2019 Cincinnati Jewish Community Study

Cincinnati Jewish Community Study

Janet Krasner Aronson, Eliana Chapman, Matthew A. Brookner, Harry Aaronson, Matthew Feinberg, Matthew Boxer, and Leonard Saxe

January 2020

The 2019 Greater Cincinnati Jewish Community Study estimates the number of Jewish adults in the community and the number of non-Jewish adults and children who are part of those households. The study also creates a comprehensive portrait of the characteristics, attitudes, and behaviors of that population. The study provides national and historical context by considering trends and data in the United States and where possible, comparisons to Greater Cincinnati in 2008.

Read the report
Read the technical appendices
Download comparison charts
Download public dataset

Among the findings:

Demographics

• The 2019 Cincinnati Jewish Community Study estimates that there are 18,900 Jewish households in Greater Cincinnati. These households include 32,100 Jewish individuals and a total of approximately 48,200 adults and children.
• Twelve percent of Jewish households have a member who identifies as LGBTQ. Five percent of households include someone who is a person of color, Hispanic, or Latino. Four percent of households include an Israeli citizen. Nine percent of households include someone who is Russian speaking or was raised in a Russian-speaking home.

Inmarriage, intermarriage, and Jewish children

• Among all Jewish households in Greater Cincinnati, 76% include a couple who is married or partnered. About one-third (31%) of Jewish households include minor children.
• Fifty-nine percent of children are being raised by intermarried parents.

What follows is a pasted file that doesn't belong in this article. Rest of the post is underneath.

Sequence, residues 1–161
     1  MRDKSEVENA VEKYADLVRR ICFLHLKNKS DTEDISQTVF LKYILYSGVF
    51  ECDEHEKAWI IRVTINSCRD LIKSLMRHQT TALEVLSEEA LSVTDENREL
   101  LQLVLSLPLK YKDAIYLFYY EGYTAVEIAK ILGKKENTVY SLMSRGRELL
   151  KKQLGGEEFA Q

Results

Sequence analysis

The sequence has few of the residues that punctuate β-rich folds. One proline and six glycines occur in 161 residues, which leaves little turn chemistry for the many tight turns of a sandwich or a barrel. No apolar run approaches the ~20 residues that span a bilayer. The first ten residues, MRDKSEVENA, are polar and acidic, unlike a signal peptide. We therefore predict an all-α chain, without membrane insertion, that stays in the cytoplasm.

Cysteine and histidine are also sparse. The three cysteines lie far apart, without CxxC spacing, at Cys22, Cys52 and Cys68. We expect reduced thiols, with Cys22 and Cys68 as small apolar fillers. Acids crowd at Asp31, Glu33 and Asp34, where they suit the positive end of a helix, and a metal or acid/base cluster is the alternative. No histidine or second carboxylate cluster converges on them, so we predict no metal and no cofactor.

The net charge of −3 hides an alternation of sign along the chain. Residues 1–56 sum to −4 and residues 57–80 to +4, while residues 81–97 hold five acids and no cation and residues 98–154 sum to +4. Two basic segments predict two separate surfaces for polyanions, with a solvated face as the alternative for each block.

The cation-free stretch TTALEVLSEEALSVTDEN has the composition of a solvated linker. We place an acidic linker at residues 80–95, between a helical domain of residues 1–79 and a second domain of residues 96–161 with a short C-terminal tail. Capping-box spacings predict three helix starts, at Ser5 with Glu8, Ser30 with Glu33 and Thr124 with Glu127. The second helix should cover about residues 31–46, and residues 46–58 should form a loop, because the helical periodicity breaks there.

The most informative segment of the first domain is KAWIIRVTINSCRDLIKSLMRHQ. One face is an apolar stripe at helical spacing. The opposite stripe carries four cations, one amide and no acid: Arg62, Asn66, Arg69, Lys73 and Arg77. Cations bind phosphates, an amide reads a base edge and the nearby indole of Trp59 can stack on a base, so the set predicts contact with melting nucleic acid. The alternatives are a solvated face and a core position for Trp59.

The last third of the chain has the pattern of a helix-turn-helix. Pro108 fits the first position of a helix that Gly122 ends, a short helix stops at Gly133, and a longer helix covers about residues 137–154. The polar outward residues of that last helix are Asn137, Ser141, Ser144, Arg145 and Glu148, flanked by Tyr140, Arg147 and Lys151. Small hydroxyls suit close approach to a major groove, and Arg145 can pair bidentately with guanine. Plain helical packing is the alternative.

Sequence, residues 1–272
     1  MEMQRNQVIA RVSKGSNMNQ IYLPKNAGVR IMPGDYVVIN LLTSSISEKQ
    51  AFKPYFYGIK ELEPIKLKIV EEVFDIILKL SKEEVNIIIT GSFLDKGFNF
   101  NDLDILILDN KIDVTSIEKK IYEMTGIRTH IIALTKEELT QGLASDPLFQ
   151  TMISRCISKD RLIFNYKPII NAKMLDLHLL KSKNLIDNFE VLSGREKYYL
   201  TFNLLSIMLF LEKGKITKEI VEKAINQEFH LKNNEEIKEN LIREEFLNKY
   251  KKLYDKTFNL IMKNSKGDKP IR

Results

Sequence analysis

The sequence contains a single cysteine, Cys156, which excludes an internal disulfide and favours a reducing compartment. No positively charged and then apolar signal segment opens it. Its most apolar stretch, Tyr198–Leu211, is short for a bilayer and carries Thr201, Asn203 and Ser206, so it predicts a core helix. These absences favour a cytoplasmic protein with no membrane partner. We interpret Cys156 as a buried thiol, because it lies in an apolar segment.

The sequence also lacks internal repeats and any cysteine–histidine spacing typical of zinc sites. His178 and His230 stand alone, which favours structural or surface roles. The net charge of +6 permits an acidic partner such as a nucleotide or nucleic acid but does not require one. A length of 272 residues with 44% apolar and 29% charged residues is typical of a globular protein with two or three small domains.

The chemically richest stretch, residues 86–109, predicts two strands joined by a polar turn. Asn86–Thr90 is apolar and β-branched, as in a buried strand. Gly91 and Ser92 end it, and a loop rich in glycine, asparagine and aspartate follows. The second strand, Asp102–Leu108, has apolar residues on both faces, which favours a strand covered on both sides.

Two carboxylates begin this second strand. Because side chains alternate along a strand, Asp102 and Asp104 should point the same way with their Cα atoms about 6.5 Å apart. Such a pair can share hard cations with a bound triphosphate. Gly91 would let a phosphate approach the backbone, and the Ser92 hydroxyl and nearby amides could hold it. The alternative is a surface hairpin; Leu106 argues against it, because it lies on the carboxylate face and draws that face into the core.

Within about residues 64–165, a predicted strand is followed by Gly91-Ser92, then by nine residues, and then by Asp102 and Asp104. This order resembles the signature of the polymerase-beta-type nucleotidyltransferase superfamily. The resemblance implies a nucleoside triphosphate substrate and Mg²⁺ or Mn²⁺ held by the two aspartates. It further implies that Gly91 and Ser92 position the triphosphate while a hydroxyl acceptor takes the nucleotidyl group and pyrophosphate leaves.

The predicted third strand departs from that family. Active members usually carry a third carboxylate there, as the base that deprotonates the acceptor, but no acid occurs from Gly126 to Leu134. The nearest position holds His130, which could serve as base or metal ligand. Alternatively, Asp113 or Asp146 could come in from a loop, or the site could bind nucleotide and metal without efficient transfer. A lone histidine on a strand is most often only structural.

• Among those in interfaith relationships, 50% find the local Jewish community somewhat or very supportive to interfaith couples.

Jewish engagement

• Cincinnati Jewish adults have multiple avenues for expressing their Jewish identities.
• Four-in-five Cincinnati Jewish adults say that Judaism is part of their daily life, and 28% say it is very much part of their daily life.
• A typology of five patterns of Jewish behavior illustrates that Jewish adults participate in individual, organizational, and ritual aspects of Jewish life.

 Index of Jewish Engagement

Cincinnati engagement groups

Jewish children and Jewish education

• Among the 10,200 children who live in Greater Cincinnati Jewish households, there are 5,700 children (56% of all children) who are being raised Jewish in some way, either by religion, as secular or cultural Jews, or as Jewish and another religion.
• Twenty-eight percent of children being raised Jewish in some way are enrolled in formal Jewish education.
• In summer 2018, 15% of Jewish children in grades K-12 attended Jewish day camp, and 15% attended an overnight Jewish camp.
• Twenty-five percent of Jewish students in grades 11 and 12 traveled to Israel on a peer trip.

Synagogues

• Twenty-eight percent of Jewish households are members of a synagogue or other worship community.
• Sixty-two percent of Jewish adults attended services at least once in the past year, and 18% attended a service monthly or more.
Jewish organizational life
• One third (35%) of Jewish adults volunteered with a Jewish organization, and 55% donated to a Jewish organization in the past year.

Community connections

• Seventy percent of Jewish adults feel at least a little connected to the local Jewish community, and 15% feel very connected.
• Almost half (47%) of Jewish adults feel that their current level of connection is just right, but almost half of Jewish adults would like to be more connected to the local Jewish community.
• Among those who desire more connection to the Jewish community, almost three quarters (71%) of these individuals feel that not knowing many people in the Jewish community is a condition that limits their participation.

Financial and health conditions

• Among Greater Cincinnati Jewish households, 11% describe their standard of living as “just getting along,” a possible indication of economic vulnerability, 1% said they are “nearly poor,” and less than 1% indicated they are “poor.”
• Forty-nine percent of Jewish households describe their standard of living as “living reasonably comfortably,” 31% as “very comfortably,” and 9% as “prosperous.”
• Seventeen percent of Jewish households include at least one person whose work, schooling, or general activities are limited by some sort of health issue, special need, or disability.